Every year, after 30 or 40 games or so, there will be one team that is high up in the standings and they do not deserve to be. The 2010 Colorado Avalanche, the 2011 Dallas Stars, and the 2012 Minnesota Wild are all the cousins of the 2013 Toronto Maple Leafs, teams that simply didn’t belong to be in the playoff race. We had those debates, the Minnesota one was legendary. They all boiled down to the same theme. “Why should it matter if we’re getting out-shot every night? We’re winning games, that’s what counts, no?”

Well… winning counts, and to win you need to score goals, and to score goals you need to get scoring chances. It sounds easy enough to suggest that you want to eschew bad shots and take good shots, but that isn’t the case. Sidney Crosby and Henrik Sedin’s teams don’t have high shooting percentages when they’re on the ice because they wait around for the perfect set up, they just plain set up scoring chances more than other players possibly can. With other guys, it’s different and for a guy with a buttload of goals in his career and the reputation of having a deadly wrist shot, Alexander Ovechkin is simply a player that takes a tonne of shots, and sometimes they go in.

Obviously, you’d be an idiot to not prefer a 30-foot shot from the slot to a 50-foot point shot. The problem is that you can’t just wait for those shots to come. Hockey moves quickly and teams need to be pro-active. Defences are too well-structured to beat the same way each time into the zone. They need to be worn down with aggressive play, with speed, with passing, with shots, with… well, a bunch of different things.

Basically, Cronin is saying that he thinks the Leafs can shoot 10.56% again next season. This is very unlikely. The Washington Capitals of 2010 are the only other team since 2007-2008 to shoot above 10%, and the next season, they fell off a cliff, moved towards the trap and fired their coach (UPDATE – as pointed out in the comments, that was the year *after* their shooting fell to 7.5%). They wound up shooting below league average. Coincidentally, the Los Angeles Kings of 2012 have the lowest recorded shooting percentage recorded over an 82-game season. Not only did the 2012 Kings win the Stanley Cup, but their shooting percentage in 2013 was actually higher than the Capitals of 2010-2011.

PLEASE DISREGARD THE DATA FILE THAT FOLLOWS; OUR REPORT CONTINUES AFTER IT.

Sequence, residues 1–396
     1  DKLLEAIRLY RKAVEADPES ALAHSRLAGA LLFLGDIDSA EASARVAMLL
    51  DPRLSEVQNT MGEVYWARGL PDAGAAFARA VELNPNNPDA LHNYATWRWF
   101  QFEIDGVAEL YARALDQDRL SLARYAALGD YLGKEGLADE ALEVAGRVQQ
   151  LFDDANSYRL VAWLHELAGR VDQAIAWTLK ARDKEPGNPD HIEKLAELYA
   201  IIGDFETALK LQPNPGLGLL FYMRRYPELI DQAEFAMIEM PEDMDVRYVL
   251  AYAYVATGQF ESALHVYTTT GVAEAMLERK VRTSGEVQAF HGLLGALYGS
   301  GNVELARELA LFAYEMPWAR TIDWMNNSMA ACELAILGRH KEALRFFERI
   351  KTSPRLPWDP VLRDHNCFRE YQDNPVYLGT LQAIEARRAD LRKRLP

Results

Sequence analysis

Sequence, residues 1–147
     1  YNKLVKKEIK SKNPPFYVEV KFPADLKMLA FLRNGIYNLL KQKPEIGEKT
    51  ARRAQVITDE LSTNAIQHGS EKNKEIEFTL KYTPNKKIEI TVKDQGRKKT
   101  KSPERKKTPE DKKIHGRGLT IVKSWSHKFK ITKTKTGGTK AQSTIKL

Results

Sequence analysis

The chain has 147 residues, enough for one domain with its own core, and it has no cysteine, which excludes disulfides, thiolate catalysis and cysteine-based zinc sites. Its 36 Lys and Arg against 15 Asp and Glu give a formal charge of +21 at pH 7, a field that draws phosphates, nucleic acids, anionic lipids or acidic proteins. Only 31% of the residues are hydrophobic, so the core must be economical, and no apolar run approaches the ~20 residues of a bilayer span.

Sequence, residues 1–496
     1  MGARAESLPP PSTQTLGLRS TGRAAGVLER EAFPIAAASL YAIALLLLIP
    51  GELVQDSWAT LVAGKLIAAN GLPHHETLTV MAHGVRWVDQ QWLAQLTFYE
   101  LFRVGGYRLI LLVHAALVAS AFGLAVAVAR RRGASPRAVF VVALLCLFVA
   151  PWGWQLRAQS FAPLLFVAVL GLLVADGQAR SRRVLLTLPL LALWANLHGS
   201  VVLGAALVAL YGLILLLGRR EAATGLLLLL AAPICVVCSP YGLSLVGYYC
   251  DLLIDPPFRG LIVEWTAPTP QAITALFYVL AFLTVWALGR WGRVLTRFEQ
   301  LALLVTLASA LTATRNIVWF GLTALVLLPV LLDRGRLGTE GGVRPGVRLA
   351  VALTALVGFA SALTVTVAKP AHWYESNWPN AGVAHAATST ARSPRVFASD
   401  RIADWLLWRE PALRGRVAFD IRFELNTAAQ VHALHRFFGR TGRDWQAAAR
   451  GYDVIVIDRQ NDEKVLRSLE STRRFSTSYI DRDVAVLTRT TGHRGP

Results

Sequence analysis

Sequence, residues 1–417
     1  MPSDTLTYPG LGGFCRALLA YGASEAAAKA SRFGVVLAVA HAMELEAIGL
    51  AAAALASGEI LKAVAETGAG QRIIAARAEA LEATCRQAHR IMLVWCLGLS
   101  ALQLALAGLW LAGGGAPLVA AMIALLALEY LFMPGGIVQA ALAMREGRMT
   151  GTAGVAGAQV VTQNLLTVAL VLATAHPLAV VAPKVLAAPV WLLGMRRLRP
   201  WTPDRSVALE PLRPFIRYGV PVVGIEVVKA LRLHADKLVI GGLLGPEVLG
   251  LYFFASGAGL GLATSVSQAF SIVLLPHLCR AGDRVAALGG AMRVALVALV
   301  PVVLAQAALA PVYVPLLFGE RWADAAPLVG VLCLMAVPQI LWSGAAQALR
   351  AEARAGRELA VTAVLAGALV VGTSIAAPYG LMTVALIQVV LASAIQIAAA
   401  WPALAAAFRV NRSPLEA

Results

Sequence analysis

When you talk shot quality, the inference you’re making is that you set up shots that lead to a higher percentage of pucks going in. But let’s test that out. Hockey Analysis keeps single-season raw data for goals and shots. By copy and pasting a few pages into Excel, I have five consecutive seasons of shooting percentages. All we do is sort the 150 seasons of team shooting rates into five “buckets” and see how those teams performed the next year:

Shot % in Year 1 Shot % in Year 2
Bucket 1 9.0% 8.0%
Bucket 2 8.3% 7.9%
Bucket 3 7.9% 7.9%
Bucket 4 7.3% 7.9%
Bucket 5 6.8% 7.8%

Incidentally… any difference between the top teams and bottom teams is minimal. Teams that shoot poorly one season combine to shoot so close to league average the next season. If shot quality was a repeatable thing that teams could gameplan around, would the higher-rated teams in Bucket 1 not be able to sustain the same rates rather than fall to one-tenth of a percentage above league average rates? Not unless they were deliberately sabotaging their own teams.

You can expect stars with better shots to have higher rates than grinders, but if there was an indication that teams could influence shooting rates, it would show up somewhere in the data. It doesn’t. There’s a lot of randomness when you’re looking at one season of shooting percentage data, but when you combine 30 teams you’re looking at something closer to the truth.

So… none of this is to say that high quality shots don’t help teams win. The question is whether teams that get high quality shots on Wednesday will also be able to get them on Thursday.

Next up: shot quantity.